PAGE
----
10. Yang Y, Jin G, Pang Y, Yijie Huang, Wenhao Wang, et al. (2020) Comparative Efficacy and Safety of Nivolumab and Nivolumab Plus Ipilimumab in Advanced Cancer: A Systematic Review and Meta-Analysis. Front Pharmacol 11: 40.
  11. Hodi FS, Hwu WJ, Kefford R, Jeffrey S Weber, Adil Daud, et al. (2016) Evaluation of Immune-Related Response Criteria and RECIST v1.1 in Patients with Advanced Melanoma Treated With Pembrolizumab. J Clin Oncol 34(13): 1510-1517.
  12. Onesti CE, Freres P, Jerusalem G (2019) Atypical patterns of response to immune checkpoint inhibitors: interpreting pseudoprogression and hyperprogression in decision making for patients' treatment. J Thorac Dis 11(1): 35-38.
  13. Di Giacomo AM, Danielli R, Guidoboni M, Luana Calabrò, Dora Carlucci, et al. (2009) Therapeutic efficacy of ipilimumab, an anti-CTLA-4 monoclonal antibody, in patients with metastatic melanoma unresponsive to prior systemic treatments: Clinical and immunological evidence from three patient cases. Cancer Immunol Immunother 58(8): 1297-1306.
  14. Lee JH, Long GV, Boyd S, S Lo, AM Menzies, et al. (2017) Circulating tumour DNA predicts response to anti-PD1 antibodies in metastatic melanoma. Ann Oncol 28(5): 1130-1136.
  15. Bai R, Lv Z, Xu D, Jiuwei Cui (2020) Predictive biomarkers for cancer immunotherapy with immune checkpoint inhibitors. Biomark Res 8: 34.
  16. Shi WJ, Zhao W (2020) Biomarkers or factors for predicting the efficacy and adverse effects of immune checkpoint inhibitors in lung cancer: achievements and prospective. Chin Med J (Engl) 133(20): 2466-2475.
  17. Kumari N, Dwarakanath BS, Das A, Anant Narayan Bhatt (2016) Role of interleukin-6 in cancer progression and therapeutic resistance. Tumour Biol 37(9): 11553-11572.
  18. Wu CT, Chen MF, Chen WC, Ching-Chuan Hsieh (2013) The role of IL-6 in the radiation response of prostate cancer. Radiat Oncol 8: 159.
  19. Chen MF, Chen PT, Lu MS, Ching CH (2013) The role of IL-6 expression predicts treatment response and outcome in squamous cell carcinoma of the esophagus. Mol Cancer 12: 26.
  20. Wolf J, Rose-John S, Garbers C (2014) Interleukin-6 and its receptors: a highly regulated and dynamic system. Cytokine 70(1): 11-20.
  21. Yoon S, Woo SU, Kang JH, K Kim, HJ Shin, et al. (2012) NF-kB and STAT3 cooperatively induce IL6 in starved cancer cells. Oncogene 31: 3467-3481.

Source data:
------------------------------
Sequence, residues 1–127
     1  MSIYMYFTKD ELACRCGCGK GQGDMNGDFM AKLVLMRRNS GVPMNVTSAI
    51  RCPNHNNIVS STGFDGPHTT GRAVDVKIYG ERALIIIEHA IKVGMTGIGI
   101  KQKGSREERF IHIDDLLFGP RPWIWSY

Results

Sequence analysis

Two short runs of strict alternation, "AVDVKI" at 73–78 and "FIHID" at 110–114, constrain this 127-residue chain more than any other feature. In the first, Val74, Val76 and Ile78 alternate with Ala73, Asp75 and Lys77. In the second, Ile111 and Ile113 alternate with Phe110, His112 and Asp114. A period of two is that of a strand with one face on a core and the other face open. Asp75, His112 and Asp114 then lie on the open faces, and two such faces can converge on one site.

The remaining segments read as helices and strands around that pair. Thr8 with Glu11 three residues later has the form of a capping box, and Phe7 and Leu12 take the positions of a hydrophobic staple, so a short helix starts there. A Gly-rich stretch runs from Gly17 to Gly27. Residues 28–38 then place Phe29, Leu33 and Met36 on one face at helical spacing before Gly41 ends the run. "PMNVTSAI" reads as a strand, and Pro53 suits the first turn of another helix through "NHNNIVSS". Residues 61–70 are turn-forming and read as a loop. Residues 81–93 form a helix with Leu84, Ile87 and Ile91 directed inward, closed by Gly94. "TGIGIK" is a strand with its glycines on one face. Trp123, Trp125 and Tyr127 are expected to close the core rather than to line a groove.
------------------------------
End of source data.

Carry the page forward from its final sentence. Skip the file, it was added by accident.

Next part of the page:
22. Shibayama O, Yoshiuchi K, Inagaki M, Yutaka Matsuoka, Eisho Yoshikawa, et al. (2014) Association between adjuvant regional radiotherapy and cognitive function in breast cancer patients treated with conservation therapy. Cancer Med 3(3): 702-709.
  23. Guo Y, Xu F, Lu T, Zhenfeng Duan, Zhan Zhang, et al. (2012) Interleukin-6 signaling pathway in targeted therapy for cancer. Cancer Treat Rev 38(7): 904-910.
  24. Waugh DJ, Wilson C (2008) The interleukin-8 pathway in cancer. Clin Cancer Res 14(21): 6735-6741.
  25. Zarogoulidis P, Katsikogianni F, Tsiouda T, Antonios Sakkas, Nikolaos Katsikogiannis, et al. (2014) Interleukin-8 and interleukin-17 for cancer. Cancer Invest 32(5): 197-205.
  26. Mantovani A, Germano G, Marchesi F, Marco Locatelli, Subhra K Biswas, et al. (2011) Cancer-promoting tumor-associated macrophages: new vistas and open questions. Eur J Immunol 41(9): 2522-2525.
  27. Alfaro C, Teijeira A, Onate C, Guiomar Pérez, Miguel F Sanmamed, et al. (2016) Tumor-Produced Interleukin-8 Attracts Human Myeloid-Derived Suppressor Cells and Elicits Extrusion of Neutrophil Extracellular Traps (NETs). Clin Cancer Res 22(15): 3924-3936.
  28. Sanmamed MF, Perez-Gracia JL, Schalper KA, J P Fusco, A Gonzalez, et al. (2017) Changes in serum interleukin-8 (IL-8) levels reflect and predict response to anti-PD-1 treatment in melanoma and non-small-cell lung cancer patients. Ann Oncol 28(8): 1988-1995.
  29. Schwartz LH, Litiere S, de Vries E, Robert Ford, Stephen Gwyther, et al. (2016) RECIST 1.1-Update and clarification: From the RECIST committee. Eur J Cancer 62: 132-137.
  30. David JM, Dominguez C, Hamilton DH, Claudia Palena (2016) The IL-8/IL-8R Axis: A Double Agent in Tumor Immune Resistance. Vaccines (Basel) 4(3): 22.
  31. Li A, Dubey S, Varney ML, Bhavana J Dave, Rakesh K Singh (2003) IL-8 directly enhanced endothelial cell survival, proliferation, and matrix metalloproteinases production and regulated angiogenesis. J Immunol 170(6): 3369-3376.
  32. Hardy-Werbin M, Rocha P, Arpi O, Álvaro Taus, Lara Nonell, et al. (2019) Serum cytokine levels as predictive biomarkers of benefit from ipilimumab in small cell lung cancer. Oncoimmunology 8(6): e1593810.
  33. Agullo-Ortuno MT, Gomez-Martin O, Ponce S, Lara Iglesias, Laura Ojeda, et al. (2020) Blood Predictive Biomarkers for Patients With Non-small-cell Lung Cancer Associated With Clinical Response to Nivolumab. Clin Lung Cancer 2191): 75-85.
  34. Sanmamed MF, Carranza-Rua O, Alfaro C, Carmen Oñate, Salvador Martín-Algarra, et al. (2014) Serum interleukin-8 reflects tumor burden and treatment response across malignancies of multiple tissue origins. Clin Cancer Res 20(22): 5697-5707.
  35. Schalper KA, Carleton M, Zhou M, Tian C, Feng Ye, et al. (2020) Elevated serum interleukin-8 is associated with enhanced intratumor neutrophils and reduced clinical benefit of immune-checkpoint inhibitors. Nat Med 26(5): 688-692.
  36. Laino AS, Woods D, Vassallo M, Qian X, Tang H, et al. (2020) Serum interleukin-6 and C-reactive protein are associated with survival in melanoma patients receiving immune checkpoint inhibition. J Immunother Cancer 8(1) e000842.
  37. Tsukamoto H, Fujieda K, Miyashita A, Satoshi F, Ikeda T, et al. (2018) Combined Blockade of IL6 and PD-1/PD-L1 Signaling Abrogates Mutual Regulation of Their Immunosuppressive Effects in the Tumor Microenvironment. Cancer Res 78: 5011-5022.
  38. Mace TA, Shakya R, Pitarresi JR, Swanson B, Christopher WM, et al. (2018) IL-6 and PD-L1 antibody blockade combination therapy reduces tumour progression in murine models of pancreatic cancer. Gut 67: 320-332.
  39. Liu H, Shen J, Lu K (2017) IL-6 and PD-L1 blockade combination inhibits hepatocellular carcinoma cancer development in mouse model. Biochem Biophys Res Commun 486: 239-244.
  40. Wang M, Zhai X, Li J, Guan J, Xu S, et al. (2021) The Role of Cytokines in Predicting the Response and Adverse Events Related to Immune Checkpoint Inhibitors. Front Immunol 12: 670391.